Patent Box by 3fD3 February 2015
The UK's Patent Box regime, hailed for transforming Britain as a place to invest, will be weakened, following a compromise reached with Germany, over the alleged competitive advantage it gave Britain over its fellow EU member states.
The current UK Patent Box allows companies to pay very little tax (10%) on profits generated from patented goods and services. Its purpose was originally to encourage companies around the world to do their research and development in the UK.
However, it has attracted criticism that it also encourages overseas companies to use Britain as a tax haven by artificially housing their overseas patented activities in the UK just to save its tax bill.
In September 2014 it became clear that Britain faced international opposition, led by Germany, over its refusal to adopt new curbs on the patent box. While 40 countries supported these curbs –– the UK was joined by just Luxembourg, the Netherlands and Spain in opposing them.
The current UK Patent Box is more generous than other IP regimes as it requires only one patent in a product for the whole product to qualify. For example, a patented invention in an exhaust system will result in the whole car qualifying for the relief. It also allows companies to access the lower tax rate even where the associated R&D activities were not undertaken in the UK.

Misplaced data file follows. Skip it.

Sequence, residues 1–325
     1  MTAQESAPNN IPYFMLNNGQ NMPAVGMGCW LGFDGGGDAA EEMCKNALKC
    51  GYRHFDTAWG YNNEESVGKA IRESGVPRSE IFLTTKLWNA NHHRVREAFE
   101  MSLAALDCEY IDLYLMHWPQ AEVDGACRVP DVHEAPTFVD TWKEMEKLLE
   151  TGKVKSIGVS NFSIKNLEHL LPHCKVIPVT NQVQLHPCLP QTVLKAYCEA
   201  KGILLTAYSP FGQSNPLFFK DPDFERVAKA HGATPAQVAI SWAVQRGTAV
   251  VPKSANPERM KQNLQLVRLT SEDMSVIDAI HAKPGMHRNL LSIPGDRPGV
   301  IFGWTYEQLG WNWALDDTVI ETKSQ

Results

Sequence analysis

It’s not just royalties and income from the sale of IP that qualifies, but the entire profit (minus a routine profit and a deemed marketing royalty) from sales of products which incorporate a patented invention.
The policy has proved popular since coming into effect in April 2013, with major pharmaceuticals business GlaxoSmithKline relocating 150 overseas research projects to the UK in order to take advantage of the scheme. GSK is building its first new factory in Britain for 40 years, investing a whopping £220million in the UK.
However, Patent Box was found to be TOO generous, and will be replaced with a similar LESS GENEROUS scheme. Entry into the current Patent Box scheme will be closed June 2016 - it may be sooner. Furthermore, we know that the present Patent Box benefits will be terminated for companies who have entered the system.
The new Patent Box scheme will probably have greater limits on which patents/product designs are eligible and there will also probably be some shift in the way the tax relief is calculated.
Since it is not clear when the new Patent Box scheme will come into force, and given the more stringent qualifying criteria likely to be applied, if you are considering making use of patent Box, don't delay any more!